My idea is to sacrifice a PAWN to advance my overall movement as quickly as possible, sacrifice a PIECE to prevent my opponent from performing an effective defensive move known as castling, and gradually build a diagonal "ladder" of white pawns right up to his king. My opponent realizes this though, and uses his Queen to block the front of my line ...
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Above, you can see my opponent, who was the first one to decide to take someone off the board, prove himself even more aggressive and get a pawn all the way down to what is 6th rank from Black's perspective.
He more or less forced trade offs with his knight and bishop; good players can create a LOT of chaos once they get a knight or two down to your end, and threatens, by the end of all this movement, to create what is called a "discovered" check (surprise advance that leaves the king attacked by a piece DIFFERENT than the one that advanced, and usually must be dealt with BEFORE dealing with the advancing piece).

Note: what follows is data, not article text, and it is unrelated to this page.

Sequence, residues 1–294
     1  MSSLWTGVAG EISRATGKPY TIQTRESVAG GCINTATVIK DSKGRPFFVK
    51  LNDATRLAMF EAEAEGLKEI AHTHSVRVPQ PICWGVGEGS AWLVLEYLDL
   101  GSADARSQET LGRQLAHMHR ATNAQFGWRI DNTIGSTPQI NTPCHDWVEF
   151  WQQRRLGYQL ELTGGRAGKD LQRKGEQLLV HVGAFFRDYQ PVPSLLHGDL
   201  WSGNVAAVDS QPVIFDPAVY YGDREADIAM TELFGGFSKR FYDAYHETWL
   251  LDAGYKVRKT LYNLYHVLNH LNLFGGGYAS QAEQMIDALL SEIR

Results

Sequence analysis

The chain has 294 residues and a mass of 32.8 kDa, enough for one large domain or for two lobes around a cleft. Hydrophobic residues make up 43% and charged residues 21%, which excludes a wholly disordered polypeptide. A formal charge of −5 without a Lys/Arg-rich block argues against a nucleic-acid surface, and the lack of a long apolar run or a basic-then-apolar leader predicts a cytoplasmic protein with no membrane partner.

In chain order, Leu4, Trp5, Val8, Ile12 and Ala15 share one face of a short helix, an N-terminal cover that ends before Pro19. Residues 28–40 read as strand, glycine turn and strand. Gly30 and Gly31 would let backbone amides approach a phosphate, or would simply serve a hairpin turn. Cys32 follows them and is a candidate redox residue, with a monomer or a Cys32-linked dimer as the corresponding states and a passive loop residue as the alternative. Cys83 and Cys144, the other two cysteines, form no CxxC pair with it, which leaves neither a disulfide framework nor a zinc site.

This "discovered" check would be devastating, leaving my king under attack by the black queen, while simultaneously leaving my own queen helpless to defend herself from the pawn.
And the Amazon who is his pawn, via what is called "promotion" would then become ANOTHER queen for him.
A must stop situation:
Here, my opponent all but doubles the threat described in the previous post.
He reinforces his Queen's power by concentrating the attack with a bishop.
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Chess pieces are generally accorded inherent value, expressed via a numeric point system.
Roughly the following:
Pawn = 1 point
Knight = 3 points
Bishop = 3 points
Rook = 5 points
Queen = 9 points
King (not applicable; game automatically won or lost if King is captured)